Jackie Robinson carried a chip on his shoulder from the moment he set foot in a baseball stadium until the time he left. Every game, he was greeted by jeering crowds and vicious abuse from opposing teams. Bean balls were hurled at him; players intentionally spiked him with their cleats; epithets were directed at him; others spit on him; several of his own teammates signed a petition stating their refusal to take the field with him. Jackie did not endure this treatment for his lack of ability. He suffered on account of the shade of his skin. Worst of all, there was absolutely nothing he could do about it.

The chip on Jackie’s shoulder soon became a boulder which threatened to crush him beneath its weight. During one game in which he committed an error, the fans seized the opportunity to rub it in his face, using vicious taunts and insults to remind him that he was not welcome on the field. Jackie didn’t think he could take any more abuse. As the verbal attack continued, the fate of his career lay in the balance. Then Pee Wee Reese, the captain of the Brooklyn Dodgers, came over, put his hand on Jackie’s shoulder, and stared at the hecklers. The crowd grew quiet. That hand on Jackie Robinson’s shoulder saved his career — and paved the way for the universal acceptance of African-Americans in Major League Baseball.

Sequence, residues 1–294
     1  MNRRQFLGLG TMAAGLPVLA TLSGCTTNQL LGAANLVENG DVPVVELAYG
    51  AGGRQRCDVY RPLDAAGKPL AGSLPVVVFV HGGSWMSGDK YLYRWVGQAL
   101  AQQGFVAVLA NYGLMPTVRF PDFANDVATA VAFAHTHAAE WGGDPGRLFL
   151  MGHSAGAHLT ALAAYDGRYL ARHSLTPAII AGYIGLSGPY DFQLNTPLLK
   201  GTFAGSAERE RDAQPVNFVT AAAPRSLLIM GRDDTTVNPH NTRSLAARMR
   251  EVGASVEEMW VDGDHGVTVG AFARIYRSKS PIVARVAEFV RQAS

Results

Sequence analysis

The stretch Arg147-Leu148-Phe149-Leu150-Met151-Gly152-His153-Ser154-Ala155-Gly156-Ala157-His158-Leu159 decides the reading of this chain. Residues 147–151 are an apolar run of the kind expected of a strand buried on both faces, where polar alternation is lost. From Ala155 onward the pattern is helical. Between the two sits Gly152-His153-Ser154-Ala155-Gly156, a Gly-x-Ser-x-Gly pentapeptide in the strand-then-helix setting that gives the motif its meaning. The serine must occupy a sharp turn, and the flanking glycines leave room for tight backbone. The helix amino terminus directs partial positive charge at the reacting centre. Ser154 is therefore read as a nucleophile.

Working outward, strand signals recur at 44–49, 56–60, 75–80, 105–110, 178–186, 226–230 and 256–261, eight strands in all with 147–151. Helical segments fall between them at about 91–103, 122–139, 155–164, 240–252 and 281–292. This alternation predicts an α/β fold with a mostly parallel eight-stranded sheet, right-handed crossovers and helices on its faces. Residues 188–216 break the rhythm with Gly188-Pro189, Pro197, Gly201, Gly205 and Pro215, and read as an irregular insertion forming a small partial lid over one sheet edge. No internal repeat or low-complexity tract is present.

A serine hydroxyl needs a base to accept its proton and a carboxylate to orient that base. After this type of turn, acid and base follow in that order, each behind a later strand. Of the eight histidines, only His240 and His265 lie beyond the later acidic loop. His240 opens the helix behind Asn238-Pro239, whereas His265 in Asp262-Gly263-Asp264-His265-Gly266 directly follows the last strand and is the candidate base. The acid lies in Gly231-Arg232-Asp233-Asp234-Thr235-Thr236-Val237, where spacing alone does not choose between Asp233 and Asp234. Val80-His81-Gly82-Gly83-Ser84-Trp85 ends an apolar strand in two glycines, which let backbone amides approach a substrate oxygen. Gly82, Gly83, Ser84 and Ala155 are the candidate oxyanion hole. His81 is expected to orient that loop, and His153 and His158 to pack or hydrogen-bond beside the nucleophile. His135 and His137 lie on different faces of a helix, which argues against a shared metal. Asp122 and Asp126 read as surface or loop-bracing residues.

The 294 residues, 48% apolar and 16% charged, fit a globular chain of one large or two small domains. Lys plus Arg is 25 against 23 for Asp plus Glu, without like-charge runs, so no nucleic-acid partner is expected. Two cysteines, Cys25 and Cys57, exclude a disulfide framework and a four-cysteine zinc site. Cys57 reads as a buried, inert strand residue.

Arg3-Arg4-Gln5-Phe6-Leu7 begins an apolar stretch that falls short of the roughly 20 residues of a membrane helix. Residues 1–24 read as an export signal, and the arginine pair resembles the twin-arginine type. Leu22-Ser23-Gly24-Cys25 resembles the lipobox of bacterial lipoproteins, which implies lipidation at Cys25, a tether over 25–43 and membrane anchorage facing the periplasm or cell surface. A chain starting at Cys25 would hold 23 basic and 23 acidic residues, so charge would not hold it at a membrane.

That’s what an encourager does. This person doesn’t look at the limitations imposed by someone else’s skin shade, cultural background, nationality, physical handicap, place of residence or employment, or social status. The encourager shows grace and meets them on their level. He expresses his solidarity by standing beside them (and even bearing their reproach) when they need him or her the most. That’s grace on base, and that’s the way every member of the Body of Christ should relate to others.

Do you know someone in your church who needs encouragement? Are you willing to be an encourager who is unashamed to stand beside them with an arm on their shoulder, challenging them not to give up? Remember, someday you will be the one in need of encouragement. Find a way to demonstrate grace on base and treat them the way you would like to be treated in the same situation. Try it today.

Devotional by Pastor Jim Scudder, Jr.